They need to be able to rely on the digital tools you have provided.
You have sole responsibility for this, so if something is not working well, find another tool that does.
You cannot afford to have frustrated or disgruntled workers simply because the tools are not working well.
They have more important things to do with their time.
6. Have an Agenda for Every Meeting and Allow Time for More
You have a schedule of meetings/conferences. Keep that schedule, but plan ahead and have a set agenda.
Emailing that agenda ahead of time will allow everyone to be prepared and ensure that it runs smoothly.
When things run smoothly, there will be time at the end of the meeting for socialisation.
This is a critical piece, so that remote team members get to know one another at a personal level.
It’s time for workers to announce their personal milestones (marriage, the birth of a baby, a degree earned or a course completed, etc.), to joke, and fill each other in on their lives – things they would do in a traditional workplace environment.
7. Communicate the Organisational Mission Often
It’s easy for in-house employees to have regular reminders of organisational mission and goals – not so with remote employees.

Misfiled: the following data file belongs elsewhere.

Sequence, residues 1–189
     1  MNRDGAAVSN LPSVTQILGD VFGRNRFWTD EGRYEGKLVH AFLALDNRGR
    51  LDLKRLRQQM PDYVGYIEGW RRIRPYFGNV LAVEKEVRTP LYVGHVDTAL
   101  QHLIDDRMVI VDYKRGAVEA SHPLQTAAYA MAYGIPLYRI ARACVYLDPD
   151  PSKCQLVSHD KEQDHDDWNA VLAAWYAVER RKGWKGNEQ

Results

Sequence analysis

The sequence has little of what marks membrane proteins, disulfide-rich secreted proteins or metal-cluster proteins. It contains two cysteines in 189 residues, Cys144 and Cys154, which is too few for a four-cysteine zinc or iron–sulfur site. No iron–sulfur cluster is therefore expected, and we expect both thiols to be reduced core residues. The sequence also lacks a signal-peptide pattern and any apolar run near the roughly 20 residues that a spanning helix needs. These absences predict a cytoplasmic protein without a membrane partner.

If there are company-wide newsletters and/or memos that report goals met, milestones, department successes, etc., be certain that your remote team receives all of these too.
8. Recognise and Reward
When you manage remote employees or teams they should also be honoured for their accomplishments, just as in-house employees do.
When your team meets a project deadline, it has contributed to the organisation. Be certain that those accomplishments are publicly reported and recognised.
A reward system should be in place as well. And they should be individually-based. Some possibilities include concert tickets, gift or meal certificates, etc. Give your people options from which to choose.
9. Support Career Goals
It is the rare employee who does not have personal career goals.
They want to advance within the company, or they will move on.
If you want to keep your talent, be sure that you know all of their aspirations and provide resources for them to work toward them.
It may be company-sponsored professional development or outside coursework that the organisation should pay for.
When you do these things for your people, you generate loyalty, and they are more willing to wait until that promotion or better position opens up.
It is expensive to replace good employees, so avoid it if you can.
10. Know Individual Strengths and Weaknesses
All people have them – those skills that are amazing and those that are not.
Take the time to identify these and provide the resources and help for those weak areas.
For example, you may have an amazing IT team member who struggles with written reports.
Instead of letting him continue to struggle on his own, find some help.
In the End…
Remote workers are both cost-effective and valuable.
They are highly productive and can have great relationships with one another and their leadership.
As a leader, it is your job to put into place all of those strategies and tools that will develop close relationships, trust, motivation, and those key feelings of belonging that all workers need, whether in-house or remote.
Do these 10 things and you will build a team of remote employees dedicated to your organisation.